I shoot primarily E6 film, and haven't sent any to a lab in years. Here's my take on it:

If you can control temp and times, temp with a Jobo or equivalent and times with a cheap multi-timer, then it's a fairly easy thing processing your own E6. Chemicals can go down the drain (I use the Kodak Single-use E6 kits). Setup of the Jobo and chem mixing takes about an hour, which includes temperature stabilization times (I mix the chems in warm water to hasten the temp stabilization), then each batch requires about 50 minutes of effort (from loading the tank to hanging the fiml to dry).

Each kit costs about $45, and I find that I can process 18 sheets at a time in the 2840 tank using three 2509n reels. Each batch uses one liter of chems (the Jobo CPA/CPP had 1 L storage bottles). I can process two batches with each liter fo chems, so the 5L E6 kit will process 180 sheets. That works out to $0.25 a sheet. And if I carefully extend the first developer time, I can easily process a third tank with each liter of chems, lowering the cost-per-sheet to $.17. The $800 I spent for a used Jobo CPA and the extra $200 in additional drums and reels paid for itself after 500 sheets (about 1.5 years worth of shooting, presuming I have sheets processed locally for $2.25 each). Pretty good economics for me.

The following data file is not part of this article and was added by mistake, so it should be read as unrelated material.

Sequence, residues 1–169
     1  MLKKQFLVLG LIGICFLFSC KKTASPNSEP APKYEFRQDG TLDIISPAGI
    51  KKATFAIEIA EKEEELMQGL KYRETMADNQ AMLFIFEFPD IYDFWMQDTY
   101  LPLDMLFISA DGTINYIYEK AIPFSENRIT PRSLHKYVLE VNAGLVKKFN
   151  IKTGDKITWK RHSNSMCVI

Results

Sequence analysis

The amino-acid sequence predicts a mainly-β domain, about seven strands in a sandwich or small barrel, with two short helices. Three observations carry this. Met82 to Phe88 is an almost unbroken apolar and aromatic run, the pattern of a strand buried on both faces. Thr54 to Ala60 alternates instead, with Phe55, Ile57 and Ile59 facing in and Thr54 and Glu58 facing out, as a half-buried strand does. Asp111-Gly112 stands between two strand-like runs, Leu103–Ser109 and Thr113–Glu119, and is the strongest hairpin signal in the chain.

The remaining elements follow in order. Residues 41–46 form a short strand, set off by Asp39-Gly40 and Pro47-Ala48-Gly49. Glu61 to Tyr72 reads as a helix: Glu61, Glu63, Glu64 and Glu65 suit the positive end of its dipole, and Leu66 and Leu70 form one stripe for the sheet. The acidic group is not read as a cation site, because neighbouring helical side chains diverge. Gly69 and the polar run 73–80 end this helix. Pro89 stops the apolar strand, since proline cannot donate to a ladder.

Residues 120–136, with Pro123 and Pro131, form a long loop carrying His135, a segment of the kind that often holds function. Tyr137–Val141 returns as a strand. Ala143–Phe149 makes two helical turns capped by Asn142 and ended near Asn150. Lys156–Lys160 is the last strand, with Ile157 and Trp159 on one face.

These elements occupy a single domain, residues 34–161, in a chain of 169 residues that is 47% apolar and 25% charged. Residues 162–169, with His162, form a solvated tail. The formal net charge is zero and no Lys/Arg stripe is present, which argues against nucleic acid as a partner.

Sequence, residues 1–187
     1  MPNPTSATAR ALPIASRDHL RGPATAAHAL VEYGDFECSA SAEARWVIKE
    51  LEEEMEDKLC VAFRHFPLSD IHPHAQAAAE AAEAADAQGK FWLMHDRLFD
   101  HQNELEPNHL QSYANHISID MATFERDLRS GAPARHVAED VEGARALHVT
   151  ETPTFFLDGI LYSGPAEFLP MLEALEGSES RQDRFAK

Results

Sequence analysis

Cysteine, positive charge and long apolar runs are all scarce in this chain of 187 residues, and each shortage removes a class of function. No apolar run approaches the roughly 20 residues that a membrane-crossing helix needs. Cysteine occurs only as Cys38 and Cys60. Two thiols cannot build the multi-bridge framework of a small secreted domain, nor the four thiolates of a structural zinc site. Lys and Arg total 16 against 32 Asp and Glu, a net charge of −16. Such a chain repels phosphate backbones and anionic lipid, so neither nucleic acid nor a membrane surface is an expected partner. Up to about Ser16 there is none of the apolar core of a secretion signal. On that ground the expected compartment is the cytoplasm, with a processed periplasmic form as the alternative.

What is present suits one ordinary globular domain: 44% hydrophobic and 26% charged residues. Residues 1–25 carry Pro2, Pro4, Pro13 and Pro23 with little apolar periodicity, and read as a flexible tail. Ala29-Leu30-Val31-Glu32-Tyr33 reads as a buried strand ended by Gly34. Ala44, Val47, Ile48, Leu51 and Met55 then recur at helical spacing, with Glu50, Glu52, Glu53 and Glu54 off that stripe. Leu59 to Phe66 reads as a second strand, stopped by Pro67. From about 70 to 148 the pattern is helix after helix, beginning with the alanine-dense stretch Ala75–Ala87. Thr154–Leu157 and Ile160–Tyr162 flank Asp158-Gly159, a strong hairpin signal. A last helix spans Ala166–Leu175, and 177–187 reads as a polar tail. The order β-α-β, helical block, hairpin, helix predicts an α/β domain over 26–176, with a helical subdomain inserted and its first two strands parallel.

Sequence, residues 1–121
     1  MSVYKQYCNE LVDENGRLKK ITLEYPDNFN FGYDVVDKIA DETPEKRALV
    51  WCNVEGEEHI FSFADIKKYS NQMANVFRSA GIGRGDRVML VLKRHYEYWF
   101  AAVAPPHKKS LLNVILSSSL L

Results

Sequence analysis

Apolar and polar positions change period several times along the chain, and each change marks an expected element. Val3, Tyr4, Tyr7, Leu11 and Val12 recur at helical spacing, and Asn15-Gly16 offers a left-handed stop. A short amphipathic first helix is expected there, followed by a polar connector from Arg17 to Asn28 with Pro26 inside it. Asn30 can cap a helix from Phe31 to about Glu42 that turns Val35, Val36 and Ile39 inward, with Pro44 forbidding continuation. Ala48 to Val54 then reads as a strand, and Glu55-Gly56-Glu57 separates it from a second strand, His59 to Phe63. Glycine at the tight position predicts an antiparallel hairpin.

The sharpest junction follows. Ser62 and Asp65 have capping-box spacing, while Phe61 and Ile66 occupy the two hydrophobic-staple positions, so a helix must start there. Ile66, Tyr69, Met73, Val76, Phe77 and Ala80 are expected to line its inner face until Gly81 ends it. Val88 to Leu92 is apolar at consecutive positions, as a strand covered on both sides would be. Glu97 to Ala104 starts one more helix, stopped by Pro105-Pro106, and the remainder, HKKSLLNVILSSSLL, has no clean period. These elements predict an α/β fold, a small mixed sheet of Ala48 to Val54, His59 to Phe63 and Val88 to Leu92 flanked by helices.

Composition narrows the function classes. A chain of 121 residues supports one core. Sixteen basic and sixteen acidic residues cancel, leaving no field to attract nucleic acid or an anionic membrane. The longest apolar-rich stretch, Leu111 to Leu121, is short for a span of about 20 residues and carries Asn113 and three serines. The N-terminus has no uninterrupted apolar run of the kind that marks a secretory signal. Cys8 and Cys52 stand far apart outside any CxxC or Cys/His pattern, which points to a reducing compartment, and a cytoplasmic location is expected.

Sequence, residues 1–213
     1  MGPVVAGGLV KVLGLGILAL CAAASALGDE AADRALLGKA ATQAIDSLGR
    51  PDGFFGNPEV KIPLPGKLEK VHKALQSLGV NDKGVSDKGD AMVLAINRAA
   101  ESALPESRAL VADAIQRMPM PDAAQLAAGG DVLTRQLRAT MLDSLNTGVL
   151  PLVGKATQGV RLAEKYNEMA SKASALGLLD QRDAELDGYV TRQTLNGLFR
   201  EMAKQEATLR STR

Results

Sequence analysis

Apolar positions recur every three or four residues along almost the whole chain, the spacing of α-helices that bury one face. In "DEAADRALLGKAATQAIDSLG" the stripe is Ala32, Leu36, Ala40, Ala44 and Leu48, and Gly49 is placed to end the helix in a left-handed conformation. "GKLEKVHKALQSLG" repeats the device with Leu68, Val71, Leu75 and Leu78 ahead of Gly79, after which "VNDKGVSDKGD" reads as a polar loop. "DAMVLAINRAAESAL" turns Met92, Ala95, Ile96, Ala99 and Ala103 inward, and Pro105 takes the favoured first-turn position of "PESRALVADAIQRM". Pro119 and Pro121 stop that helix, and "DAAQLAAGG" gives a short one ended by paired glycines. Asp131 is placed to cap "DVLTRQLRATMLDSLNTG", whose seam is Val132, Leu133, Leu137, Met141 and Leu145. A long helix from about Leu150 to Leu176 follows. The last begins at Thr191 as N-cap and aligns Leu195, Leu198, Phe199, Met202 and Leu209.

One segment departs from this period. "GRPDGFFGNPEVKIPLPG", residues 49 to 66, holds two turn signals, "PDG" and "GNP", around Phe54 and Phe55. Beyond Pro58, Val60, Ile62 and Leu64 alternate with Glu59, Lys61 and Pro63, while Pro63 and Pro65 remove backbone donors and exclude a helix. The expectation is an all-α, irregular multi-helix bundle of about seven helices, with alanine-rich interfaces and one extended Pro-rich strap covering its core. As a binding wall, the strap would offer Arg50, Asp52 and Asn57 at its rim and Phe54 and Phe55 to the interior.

In two years I have ruined a total of 12 sheets (all on the same day, probably due to some fixer getting into one of the developers, but I never tracked it down).

Using the R-3 chems is also working out very economically for me. I'll be able to process over 2000 16x20 prints with the pro 12.5/25/12.5 gallon R3 kit, which costs $350. Fuji Type-35 paper costs either $1.50 per 16x20 paper-backed sheet or $5.00 for the polyester backing. You can compare this with what your local lab charges for a 16x20.

Now, my experience with home color porcessing is based on my research in enzyme kinetics, where time and temperature control is paramount, so I found that getting consitent development was no problem at all. If you've never dealt with tightly-controlled processes, or have trouble following directions exactly, you may find that consistent work is a little harder to achieve.

Consult if you wish two articles I've written on the subject: